Andy Warhol (1928-1987)
Endangered Species: Bighorn Ram
stamped twice with the Estate of Andy Warhol and the Andy Warhol Foundation for the Visual Arts, Inc. stamps and numbered 'PA29.008' (on the overlap) and numbered again 'PA29.008' (on the stretcher)
synthetic polymer and silkscreen inks on canvas
60 x 60 in. (152.4 x 152.4 cm.)
Painted circa 1983.

Brought to you by

Elizabeth Webb
Elizabeth Webb

Lot Essay

A powerful image, mounted against a solid blue background, 'Endangered Species: Bighorn Ram,' boasts one of the most admired animals among the Apsaalooka, or Crow people, central to the Apsaslooka tribal lands, the sheep are the name sake for what is today called the Bighorn Mountain Range in northern Wyoming. The Bighorn sheep originally crossed into North America over the Bering Land Bridge from Siberia, sparking the population in North America to peak in the millions, and thus the Bighorn sheep entered into the mythology of Native Americas. However, by 1900 the population had crashed to several thousand. Efforts established in 1930 by the Boy Scouts of America created two Bighorn game ranges in Arizona. Through an increased program of reintroductions, national parks, and reduced hunting, together with a decrease in domesticated sheep near the end of World War II, allowed the Bighorn sheep to make a further comeback. Though it is currently unknown if the population of Bighorn sheep has risen since Warhol's creation, the animal continues to be an iconic image for many Native populations, and is know the official mascot for the Arizona Boy Scouts.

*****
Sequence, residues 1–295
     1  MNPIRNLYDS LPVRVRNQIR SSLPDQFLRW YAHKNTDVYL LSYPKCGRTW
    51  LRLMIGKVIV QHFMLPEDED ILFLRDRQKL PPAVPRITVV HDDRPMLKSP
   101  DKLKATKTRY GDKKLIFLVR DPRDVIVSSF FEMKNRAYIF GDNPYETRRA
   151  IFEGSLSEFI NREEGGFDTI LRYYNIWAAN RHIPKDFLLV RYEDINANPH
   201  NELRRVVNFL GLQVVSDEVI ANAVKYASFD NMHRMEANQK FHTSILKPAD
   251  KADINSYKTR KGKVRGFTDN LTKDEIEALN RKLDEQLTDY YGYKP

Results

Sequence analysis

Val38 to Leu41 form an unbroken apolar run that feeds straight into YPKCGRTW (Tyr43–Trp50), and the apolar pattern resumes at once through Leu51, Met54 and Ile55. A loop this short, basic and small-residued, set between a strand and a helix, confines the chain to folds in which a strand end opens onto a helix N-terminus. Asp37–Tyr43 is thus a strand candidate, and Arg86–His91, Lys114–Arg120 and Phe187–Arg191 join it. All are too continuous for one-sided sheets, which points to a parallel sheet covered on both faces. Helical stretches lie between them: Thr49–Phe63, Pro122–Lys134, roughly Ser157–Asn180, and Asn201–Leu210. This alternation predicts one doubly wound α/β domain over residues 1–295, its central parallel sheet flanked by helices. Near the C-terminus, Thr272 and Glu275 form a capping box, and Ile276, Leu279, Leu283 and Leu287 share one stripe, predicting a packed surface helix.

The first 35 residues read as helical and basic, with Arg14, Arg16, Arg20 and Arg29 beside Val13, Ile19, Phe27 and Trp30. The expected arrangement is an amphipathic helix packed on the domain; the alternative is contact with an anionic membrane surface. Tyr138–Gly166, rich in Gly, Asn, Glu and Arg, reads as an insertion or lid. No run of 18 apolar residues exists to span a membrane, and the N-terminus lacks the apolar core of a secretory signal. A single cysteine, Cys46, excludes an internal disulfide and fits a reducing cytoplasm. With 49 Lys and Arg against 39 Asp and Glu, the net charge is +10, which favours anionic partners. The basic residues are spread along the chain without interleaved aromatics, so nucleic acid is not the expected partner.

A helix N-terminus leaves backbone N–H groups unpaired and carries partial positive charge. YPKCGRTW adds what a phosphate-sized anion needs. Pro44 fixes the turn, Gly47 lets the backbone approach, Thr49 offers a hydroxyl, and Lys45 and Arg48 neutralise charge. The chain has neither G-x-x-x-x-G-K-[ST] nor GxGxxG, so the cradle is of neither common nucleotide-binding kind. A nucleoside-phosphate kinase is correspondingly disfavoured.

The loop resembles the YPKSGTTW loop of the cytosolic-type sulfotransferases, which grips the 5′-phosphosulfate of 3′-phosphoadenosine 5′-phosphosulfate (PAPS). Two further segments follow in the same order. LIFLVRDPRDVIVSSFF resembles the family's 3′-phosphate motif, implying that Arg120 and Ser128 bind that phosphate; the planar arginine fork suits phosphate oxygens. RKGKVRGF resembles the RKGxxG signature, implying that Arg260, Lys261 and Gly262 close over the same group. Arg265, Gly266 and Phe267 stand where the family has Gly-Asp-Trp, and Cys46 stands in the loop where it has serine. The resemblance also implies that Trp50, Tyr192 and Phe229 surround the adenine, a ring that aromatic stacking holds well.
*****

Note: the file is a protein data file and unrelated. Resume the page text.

The 'Endangered Species' series is presented as equals to Warhol's favored screen idols, be it Marilyn Monroe, Elizabeth Taylor or Elvis Presley. Similar to those iconic depictions, the 'Endangered Species' portfolio has a dark undercurrent. Where Marilyn had died, Liz was rumored to be at death's door and Elvis was shown as a gun-toting cowboy, 'Endangered Species' too oozes violence, volatility and antiestablishment subversion. Where Warhol celebrated his stars in an array of works, he revisits his series of animals, applying a wild array of radiating colors. And while his tragic stars were out of reach, Warhol understood his legacy could influence his endangered animals. Upon his death, Warhol's beachfront property in Long Island, now The Andy Warhol Preserve was gifted to The Nature Conservancy from The Andy Warhol Foundation for the Visual Arts in order to preserve a section of the ecologically significant Montauk Moorlands and promote the visual arts.

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